- Actors: Mireille Darc, Jean Yanne
- Directors: Jean-Luc Godard
- Format: Anamorphic, PAL, Widescreen
- Language: French
- Subtitles: English
- Region: Region 2 (This DVD may not be viewable outside Europe. Read more about DVD formats.)
- Number of discs: 1
- Classification: 18
- Studio: Artificial Eye
- DVD Release Date: 28 Feb. 2005
- Run Time: 99 minutes
- Average Customer Review: 3.9 out of 5 stars See all reviews (24 customer reviews)
- ASIN: B0000AQVIR
- Amazon Bestsellers Rank: 39,687 in DVD & Blu-ray (See Top 100 in DVD & Blu-ray)
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A bickering, scheming bourgeois couple leave Paris for the French countryside to claim an inheritance by nefarious means. Almost immediately, they become entangled in a cataclysmic traffic jam, which is just the beginning of a journey fraught with violent and dangerous encounters: rape, murder, pillage and even cannibalism. Famed for its virtuoso cinematography - including a stunning ten minute tracking shot - Godard s dystopian road movie is a ferocious attack on consumerism.
Top Customer Reviews
I got my Jean Luc Goddard film "Weekend" and boy I wasn't disapointed - it's at times disorganised chaos and at times it is almost like a series of films within a film.
There's canabalism, murder, revolutionary speak, road rage, neighbour rage, child rage, a pig killing, political monologs that boggled my brain, a 3 mile or 20 minute plus single take tracking shot (one of the best bits), Death of a goose, rape, over 10,000 degree (in 1 take) tracking shot, disembowelment, the statement : "When Roland drives your Father home from the clinic... it would be nice if they both died in an accident.", a chess game.
I recomend this to anyone with an open mind that leans towards the surrealist avant-garde.
They begin their journey, self-absorbed, greedy, murderous, horrid. They go through the rat-race of traffic along the way. They end up getting robbed, losing their car crashing it and wandering lost. All hope of returning is gone. They end up arrested by the revolutionaries (the dictatorship of the proletariat), suffer cultural re-education (to the extent that the female character eats the male one). The role of the Algerian and African characters are important in that they represent the positivity of the third-world leadership which Jean Luc Godard revered so much. The movie is a very hard Maoist metaphor.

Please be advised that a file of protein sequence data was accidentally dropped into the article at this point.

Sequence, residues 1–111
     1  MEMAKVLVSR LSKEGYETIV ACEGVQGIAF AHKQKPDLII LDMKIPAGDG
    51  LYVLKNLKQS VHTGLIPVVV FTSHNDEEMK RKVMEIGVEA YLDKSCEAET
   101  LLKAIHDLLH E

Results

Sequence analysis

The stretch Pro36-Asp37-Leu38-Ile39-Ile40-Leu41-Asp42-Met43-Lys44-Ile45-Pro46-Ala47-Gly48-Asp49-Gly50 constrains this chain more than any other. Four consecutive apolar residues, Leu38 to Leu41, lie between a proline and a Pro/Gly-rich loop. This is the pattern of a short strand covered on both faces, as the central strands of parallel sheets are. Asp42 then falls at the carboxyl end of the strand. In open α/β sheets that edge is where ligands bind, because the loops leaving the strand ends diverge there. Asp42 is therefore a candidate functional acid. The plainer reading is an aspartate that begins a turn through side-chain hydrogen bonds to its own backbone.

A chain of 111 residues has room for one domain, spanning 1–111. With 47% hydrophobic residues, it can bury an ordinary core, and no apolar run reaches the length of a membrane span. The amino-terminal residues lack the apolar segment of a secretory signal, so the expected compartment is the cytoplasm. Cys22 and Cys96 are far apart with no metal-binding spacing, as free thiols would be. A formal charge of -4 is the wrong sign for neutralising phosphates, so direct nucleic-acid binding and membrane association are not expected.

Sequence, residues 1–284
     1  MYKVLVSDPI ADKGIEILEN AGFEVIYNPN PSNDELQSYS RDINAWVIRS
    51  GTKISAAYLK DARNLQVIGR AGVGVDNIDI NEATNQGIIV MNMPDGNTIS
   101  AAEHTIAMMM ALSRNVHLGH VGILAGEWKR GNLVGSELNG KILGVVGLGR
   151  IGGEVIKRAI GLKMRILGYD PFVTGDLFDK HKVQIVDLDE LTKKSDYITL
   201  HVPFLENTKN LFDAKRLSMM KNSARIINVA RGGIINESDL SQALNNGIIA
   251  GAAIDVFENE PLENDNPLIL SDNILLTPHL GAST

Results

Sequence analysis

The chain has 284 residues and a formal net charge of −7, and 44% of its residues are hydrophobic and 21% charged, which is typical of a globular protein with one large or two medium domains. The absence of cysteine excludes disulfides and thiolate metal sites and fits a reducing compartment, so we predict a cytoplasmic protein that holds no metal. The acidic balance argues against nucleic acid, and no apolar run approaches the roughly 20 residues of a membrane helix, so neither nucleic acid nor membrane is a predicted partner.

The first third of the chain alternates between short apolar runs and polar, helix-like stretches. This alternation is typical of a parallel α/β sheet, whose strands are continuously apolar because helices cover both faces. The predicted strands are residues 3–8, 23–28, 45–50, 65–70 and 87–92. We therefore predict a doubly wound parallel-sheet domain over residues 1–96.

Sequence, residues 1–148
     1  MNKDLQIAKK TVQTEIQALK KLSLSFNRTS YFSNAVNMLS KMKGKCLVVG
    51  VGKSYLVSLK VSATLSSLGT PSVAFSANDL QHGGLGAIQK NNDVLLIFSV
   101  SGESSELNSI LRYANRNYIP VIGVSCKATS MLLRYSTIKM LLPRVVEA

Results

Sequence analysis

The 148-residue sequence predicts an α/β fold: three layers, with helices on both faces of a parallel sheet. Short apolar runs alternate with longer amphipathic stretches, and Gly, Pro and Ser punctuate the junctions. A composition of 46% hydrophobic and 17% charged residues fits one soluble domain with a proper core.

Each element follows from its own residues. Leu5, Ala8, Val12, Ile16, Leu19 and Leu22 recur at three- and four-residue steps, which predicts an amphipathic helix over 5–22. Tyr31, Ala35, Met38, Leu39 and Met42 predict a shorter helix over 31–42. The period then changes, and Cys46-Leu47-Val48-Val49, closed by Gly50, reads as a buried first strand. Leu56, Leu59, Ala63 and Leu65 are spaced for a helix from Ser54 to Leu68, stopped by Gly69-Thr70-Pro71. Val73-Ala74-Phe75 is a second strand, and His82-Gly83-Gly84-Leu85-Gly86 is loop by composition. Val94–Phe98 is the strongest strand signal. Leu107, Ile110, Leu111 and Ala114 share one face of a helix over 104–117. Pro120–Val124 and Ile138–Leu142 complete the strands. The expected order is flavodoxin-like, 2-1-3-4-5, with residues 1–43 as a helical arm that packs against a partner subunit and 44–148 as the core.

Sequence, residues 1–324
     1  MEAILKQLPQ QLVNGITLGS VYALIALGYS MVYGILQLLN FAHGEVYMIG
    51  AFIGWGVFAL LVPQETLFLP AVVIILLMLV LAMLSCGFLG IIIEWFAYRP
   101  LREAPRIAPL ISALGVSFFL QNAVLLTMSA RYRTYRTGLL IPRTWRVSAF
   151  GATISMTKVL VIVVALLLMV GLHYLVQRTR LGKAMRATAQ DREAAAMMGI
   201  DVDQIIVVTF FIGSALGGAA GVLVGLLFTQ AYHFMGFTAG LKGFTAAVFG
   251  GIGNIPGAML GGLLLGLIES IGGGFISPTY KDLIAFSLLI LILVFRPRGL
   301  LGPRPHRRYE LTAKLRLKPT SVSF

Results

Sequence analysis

The movie itself is well shot, thought-provoking and harsh. It is meant to reflect the harshness of this world and the director's belief in how that system will be overthrown.
Most Recent Customer Reviews
You either love it or hate it. Very weird but I thought it was great.Published 5 months ago by Amazon Customer
I sent it back and got a refund as it was scratched to pieces. The film I've seen before on the Criterion blu, which is amazing. One of Godard's best. I can't comment on this dvd,Published 22 months ago by DM
One of the most essential, challenging, brave and provocative films ever made from the legend French director. Read morePublished on 14 Aug. 2014 by J. Parsons
I am a fan of international cinema and bought this because it had received such positive reviews.
Sadly they were off by a mile. Read more
I read somewhere that Salvador Dali once said to some journalist: "Do you know why I am so rich? Because there are so many stupid people in the world!". Read morePublished on 11 May 2013 by Yoselovich Boris
A film should first of all entertain, anything above and beyond that is a bonus. However if a film doesn't entertain, then as far as I'm concerned it's failed its prime directive. Read morePublished on 10 April 2013 by Newman